The state Capitol illuminated by lightning as thunderstorms moved through the Metro area. Credit: Vickie D. King/Mississippi Today

For the first time in a generation, Mississippi has the ways and means to tackle its desperate needs in education, health care and infrastructure.

So it makes perfect sense that lawmakers this summer are focused on… eliminating income taxes, raising sales taxes and haggling over marijuana.

A select panel of 16 House and Senate lawmakers, plus House Speaker Philip Gunn, who apparently also selected himself, held two full days of Tax Study Committee hearings last week.

Once upon a time, the hearings were supposed to be for rank-and-file senators to examine the nuts and bolts of state taxation and budgeting. This was called after the Senate balked last session at passing — or even voting on — Gunn’s House-passed plan to eliminate personal income taxes and increase sales and other “consumption” taxes. Senate leaders vowed to gather information on what, if any, reform is needed with Mississippi’s tax code.

But this morphed into a joint House-Senate committee, and the hearings morphed into a trial to litigate Gunn’s proposal. The select House leaders appeared to have been selected mostly for their support of Gunn’s plan, and then he joined in — sitting at the head table and promoting his measure any chance he got. At one point he apologized to the committee if they got the vibe that his plan is “the only option.” Then he pointed out his plan was the “only one on the table,” and continued to pitch his plan in questioning of presenters for the next day and a half of hearings.

One major upshot of the trial — or hearings — is that conservative think-tank folks believe that while all taxes are bad, income taxes are particularly onerous and sales taxes are better. The switch, they said, is likely to cure all of poor Mississippi’s ailments. Liberal tax folks believe the opposite, saying a shift to sales taxes hits poor to moderate income people and retirees hardest, and eliminating income taxes could make it hard for the state to provide services such as education and roads, especially in an uncertain pandemic economy.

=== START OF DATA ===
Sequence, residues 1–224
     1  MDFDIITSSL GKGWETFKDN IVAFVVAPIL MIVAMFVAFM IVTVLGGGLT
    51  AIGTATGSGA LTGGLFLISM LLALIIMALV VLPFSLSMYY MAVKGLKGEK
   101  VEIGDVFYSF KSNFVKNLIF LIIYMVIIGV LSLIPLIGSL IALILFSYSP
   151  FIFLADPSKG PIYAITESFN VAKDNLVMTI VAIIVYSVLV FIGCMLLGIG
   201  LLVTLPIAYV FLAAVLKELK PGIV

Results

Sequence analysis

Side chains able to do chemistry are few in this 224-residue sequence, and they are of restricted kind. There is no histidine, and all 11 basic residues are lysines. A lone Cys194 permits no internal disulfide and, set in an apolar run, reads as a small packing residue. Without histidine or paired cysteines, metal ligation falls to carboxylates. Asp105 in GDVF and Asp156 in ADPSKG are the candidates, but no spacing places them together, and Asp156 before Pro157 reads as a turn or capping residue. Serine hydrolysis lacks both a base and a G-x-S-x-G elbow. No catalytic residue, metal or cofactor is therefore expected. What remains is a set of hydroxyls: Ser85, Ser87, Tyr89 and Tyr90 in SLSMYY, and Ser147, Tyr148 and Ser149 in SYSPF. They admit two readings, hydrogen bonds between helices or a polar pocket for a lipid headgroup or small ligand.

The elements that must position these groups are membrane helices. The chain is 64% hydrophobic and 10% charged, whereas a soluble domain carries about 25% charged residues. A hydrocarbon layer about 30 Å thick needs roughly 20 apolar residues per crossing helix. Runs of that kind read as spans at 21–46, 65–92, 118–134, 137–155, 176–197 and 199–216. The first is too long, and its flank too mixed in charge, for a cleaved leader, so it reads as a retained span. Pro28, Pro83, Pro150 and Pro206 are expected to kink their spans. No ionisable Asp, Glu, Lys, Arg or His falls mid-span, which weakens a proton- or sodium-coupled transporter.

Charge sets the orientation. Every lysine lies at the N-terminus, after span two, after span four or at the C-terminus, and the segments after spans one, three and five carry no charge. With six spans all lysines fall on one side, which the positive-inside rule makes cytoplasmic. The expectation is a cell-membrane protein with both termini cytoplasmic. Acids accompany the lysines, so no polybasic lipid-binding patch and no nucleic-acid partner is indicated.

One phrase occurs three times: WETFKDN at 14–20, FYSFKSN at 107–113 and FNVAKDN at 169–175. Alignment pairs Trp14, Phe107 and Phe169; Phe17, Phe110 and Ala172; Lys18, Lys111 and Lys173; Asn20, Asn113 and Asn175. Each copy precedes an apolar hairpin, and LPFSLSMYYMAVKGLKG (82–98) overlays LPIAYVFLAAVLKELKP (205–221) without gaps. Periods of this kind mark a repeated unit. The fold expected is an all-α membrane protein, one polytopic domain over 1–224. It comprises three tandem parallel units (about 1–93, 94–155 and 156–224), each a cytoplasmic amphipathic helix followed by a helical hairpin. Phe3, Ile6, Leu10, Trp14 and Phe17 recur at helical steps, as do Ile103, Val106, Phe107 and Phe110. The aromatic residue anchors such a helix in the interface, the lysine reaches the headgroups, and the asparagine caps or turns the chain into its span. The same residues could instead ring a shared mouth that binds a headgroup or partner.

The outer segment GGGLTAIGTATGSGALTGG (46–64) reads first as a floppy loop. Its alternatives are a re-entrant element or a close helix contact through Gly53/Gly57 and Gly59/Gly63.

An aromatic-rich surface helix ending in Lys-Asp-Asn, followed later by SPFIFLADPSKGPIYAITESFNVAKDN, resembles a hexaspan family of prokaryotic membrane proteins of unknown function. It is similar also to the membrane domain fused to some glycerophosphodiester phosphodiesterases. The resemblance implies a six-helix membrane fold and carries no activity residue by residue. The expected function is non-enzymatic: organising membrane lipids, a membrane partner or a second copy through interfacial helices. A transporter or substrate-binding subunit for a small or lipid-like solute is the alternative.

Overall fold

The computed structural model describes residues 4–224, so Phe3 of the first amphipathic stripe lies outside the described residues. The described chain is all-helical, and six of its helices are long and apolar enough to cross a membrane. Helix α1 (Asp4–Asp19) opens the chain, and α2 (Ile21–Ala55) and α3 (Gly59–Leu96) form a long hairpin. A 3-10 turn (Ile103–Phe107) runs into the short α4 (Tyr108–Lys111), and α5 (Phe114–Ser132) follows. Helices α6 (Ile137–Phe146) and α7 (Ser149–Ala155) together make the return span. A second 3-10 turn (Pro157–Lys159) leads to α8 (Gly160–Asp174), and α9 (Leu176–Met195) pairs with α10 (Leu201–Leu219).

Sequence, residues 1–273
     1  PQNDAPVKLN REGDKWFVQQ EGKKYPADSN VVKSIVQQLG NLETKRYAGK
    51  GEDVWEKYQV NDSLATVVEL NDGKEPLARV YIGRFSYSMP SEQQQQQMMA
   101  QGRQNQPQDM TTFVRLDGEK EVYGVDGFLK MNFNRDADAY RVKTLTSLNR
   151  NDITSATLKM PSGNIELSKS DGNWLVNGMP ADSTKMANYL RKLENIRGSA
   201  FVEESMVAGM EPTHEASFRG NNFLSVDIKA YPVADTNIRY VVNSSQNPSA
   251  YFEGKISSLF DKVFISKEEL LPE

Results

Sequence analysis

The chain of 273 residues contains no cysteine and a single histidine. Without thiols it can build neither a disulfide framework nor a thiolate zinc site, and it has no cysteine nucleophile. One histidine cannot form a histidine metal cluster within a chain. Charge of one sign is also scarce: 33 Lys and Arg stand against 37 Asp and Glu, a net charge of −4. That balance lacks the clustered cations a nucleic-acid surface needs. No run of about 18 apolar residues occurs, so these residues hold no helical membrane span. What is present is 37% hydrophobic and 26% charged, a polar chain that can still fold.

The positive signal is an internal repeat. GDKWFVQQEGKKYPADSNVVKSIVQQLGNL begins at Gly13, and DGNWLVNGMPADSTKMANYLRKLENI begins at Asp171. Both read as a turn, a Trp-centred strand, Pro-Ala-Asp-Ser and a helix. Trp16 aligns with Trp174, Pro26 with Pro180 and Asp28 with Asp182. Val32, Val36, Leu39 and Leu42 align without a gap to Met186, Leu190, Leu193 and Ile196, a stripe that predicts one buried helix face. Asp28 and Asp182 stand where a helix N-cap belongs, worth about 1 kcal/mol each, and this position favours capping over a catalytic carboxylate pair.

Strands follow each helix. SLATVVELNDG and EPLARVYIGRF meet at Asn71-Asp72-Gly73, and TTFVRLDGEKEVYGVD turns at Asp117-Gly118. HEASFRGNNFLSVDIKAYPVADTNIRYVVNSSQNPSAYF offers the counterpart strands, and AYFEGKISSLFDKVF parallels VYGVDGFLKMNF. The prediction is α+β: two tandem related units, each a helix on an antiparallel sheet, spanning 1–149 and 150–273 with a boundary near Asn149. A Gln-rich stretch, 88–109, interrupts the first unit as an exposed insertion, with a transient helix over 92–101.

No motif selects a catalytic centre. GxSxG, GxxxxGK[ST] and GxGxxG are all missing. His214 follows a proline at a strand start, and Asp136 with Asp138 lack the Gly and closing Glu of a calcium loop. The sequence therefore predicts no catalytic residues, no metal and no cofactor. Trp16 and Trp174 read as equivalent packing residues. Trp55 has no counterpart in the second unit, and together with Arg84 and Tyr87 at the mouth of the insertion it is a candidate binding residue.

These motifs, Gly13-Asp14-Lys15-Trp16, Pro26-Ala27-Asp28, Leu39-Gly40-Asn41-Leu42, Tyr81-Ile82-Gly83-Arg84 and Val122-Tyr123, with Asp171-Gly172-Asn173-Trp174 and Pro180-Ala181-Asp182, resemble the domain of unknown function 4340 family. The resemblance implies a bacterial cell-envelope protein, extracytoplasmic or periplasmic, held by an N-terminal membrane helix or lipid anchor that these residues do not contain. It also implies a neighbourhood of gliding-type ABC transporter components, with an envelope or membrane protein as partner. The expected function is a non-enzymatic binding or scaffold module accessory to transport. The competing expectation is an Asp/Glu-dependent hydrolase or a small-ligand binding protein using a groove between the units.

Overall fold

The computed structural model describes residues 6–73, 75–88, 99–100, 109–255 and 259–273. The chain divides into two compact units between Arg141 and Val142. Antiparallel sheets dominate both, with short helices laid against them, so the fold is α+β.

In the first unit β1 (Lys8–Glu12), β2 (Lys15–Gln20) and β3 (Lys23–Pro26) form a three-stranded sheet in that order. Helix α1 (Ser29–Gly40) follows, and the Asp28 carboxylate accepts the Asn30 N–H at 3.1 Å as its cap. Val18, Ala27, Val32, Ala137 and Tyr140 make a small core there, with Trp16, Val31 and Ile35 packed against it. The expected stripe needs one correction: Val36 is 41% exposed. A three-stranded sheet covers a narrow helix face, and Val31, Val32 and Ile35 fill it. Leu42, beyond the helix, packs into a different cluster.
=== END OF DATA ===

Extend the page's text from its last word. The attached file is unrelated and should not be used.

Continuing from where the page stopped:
READ MORE: Business leaders oppose Gunn’s income tax elimination-sales tax increase

And the business folks in Mississippi appear terrified that lawmakers are about to monkey with the works and mess things up just when it appears the economy is stabilizing from the pandemic and state coffers are flush from federal spending. They particularly appear worried about the plan’s sales tax increase from 7% to 9.5% and increases to other taxes. They also share concerns the move could overall hurt state efforts to improve education, health care, workforce development and infrastructure — higher priorities for them.

Future deliberations on the tax plan may boil down to who lawmakers are going to listen to: Grover Norquist, author of the Taxpayer Protection Pledge who spoke to lawmakers last week, or state business leaders who drive Mississippi’s economy.

Another upshot of the hearings: Senate leaders, on both sides of the aisle, are still not sold on Gunn’s income tax-sales tax proposal.

Sen. John Polk, R-Hattiesburg, said his hometown is a “certified retirement community,” and many of his constituents are retirees.